Let’s get over period terror!
Examining the bloodbath in the comments on this photograph
When Rupi Kaur posted a picture on Instagram to start a conversation on the menstruation taboo, the response she got wildly overshot her goal. The image was taken down for violating the site’s community guidelines. In other words, it made people uncomfortable—which was, of course, exactly the photographer’s point. In her own words, Kaur created this image “to demystify the period and make something that is innate “normal” again cause rape categories in porn are okay. objectification and sexualization is okay. people getting off on naked underage women. bondage. torture. humiliation. abuse is okay but this makes them uncomfortable. that’s what this work is supposed to do. make you as uncomfortable as you should feel when you watch others get abused and objectified.”
Thanks to the widespread support Kaur received, Instagram has since allowed this image to be posted. But reading the angry comments on her FB post is like diving into a raging mob that raises one of these four objections:
Why not post a photo of someone shitting next? Shit is also natural.
Since men also shit, there is no gender-based taboo regarding taking a dump. No one asks you to not got to a temple/touch pickle/enter the kitchen if you have the loosies. (Although, I’d stay off pickle for a bit.)
What if a guy posted a picture of himself covered in semen—that’s life-giving fluid too. Would we celebrate that?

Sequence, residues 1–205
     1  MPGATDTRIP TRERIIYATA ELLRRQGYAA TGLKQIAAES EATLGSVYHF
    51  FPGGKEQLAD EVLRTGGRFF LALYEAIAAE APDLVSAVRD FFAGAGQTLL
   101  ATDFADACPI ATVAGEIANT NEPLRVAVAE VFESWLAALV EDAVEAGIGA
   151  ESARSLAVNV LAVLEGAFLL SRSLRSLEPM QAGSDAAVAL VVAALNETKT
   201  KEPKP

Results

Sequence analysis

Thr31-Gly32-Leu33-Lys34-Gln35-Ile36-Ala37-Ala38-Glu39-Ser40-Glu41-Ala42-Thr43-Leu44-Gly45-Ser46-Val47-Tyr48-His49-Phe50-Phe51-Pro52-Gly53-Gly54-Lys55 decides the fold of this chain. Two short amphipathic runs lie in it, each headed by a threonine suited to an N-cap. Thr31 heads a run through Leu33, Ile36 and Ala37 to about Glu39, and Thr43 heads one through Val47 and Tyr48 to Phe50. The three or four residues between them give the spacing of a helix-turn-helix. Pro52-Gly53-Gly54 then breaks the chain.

First of all, no one is expecting you to hand out party hats—we’ll settle for stripping the shame from menstruation for now. (But how awesome does a period-themed party sound, with fun games like Panicked Groping for Tampon String, Surreptitious Adjusting of Sanitary Pad in Public and a drinking game where you have to take a sip every time someone has a cramp. Bloody Marys all around!)
Secondly, semen is all over the Internet. (And all over my friend when a stranger ejaculated life-giving fluid into her dupatta during the musical fountains show at Lumbini Gardens in Hyderabad. However, she was standing with her back to him, so she was clearly asking for it.) But even Youporn won’t touch period sex with a lubed-up pole. More people need to read this NYmag article about the pleasure of ‘strawberries and cream’ sex.
I am a woman and I’m disgusted.
No one said women are immune from this brand of prejudice. It’s probably a woman who taught you to be ashamed of your period—who taught you that it smells bad and makes you unclean, weak and vulnerable. Women are also a product of this same patriarchal mindset, one that believes the defeat of a sportsman can be attributed to random things like the presence of his girlfriend in the audience, but will judge a sportswoman for mentioning the very real effects of swinging hormone levels on her game. We have all imbibed and passed on this sense of shame about our bodies, about staining our clothes or our boobs jiggling when we run or our bra strap showing FOR GOD’S SAKE WHAT IS THE BIG DEAL ABOUT MY BRA STRAP SHOWING LET ME BE, ANNOYING AUNTY ON THE LOCAL TRAIN.
It’s a fact of life, but why do you have to show it?
As an artist, Rupi Kaur is shining the light on the shame associated with women’s bodies. The message is not that stain on the bedsheet—it is your reaction to the stain. Art can make you uncomfortable, that is one of its prerogatives. Examine your discomfort and find out where it comes from. If you discover that it comes from thinking that menstruation is gross, you can liberate yourself from one more stupid hang-up that keeps you from being a decent human being. And that calls for Bloody Marys all around!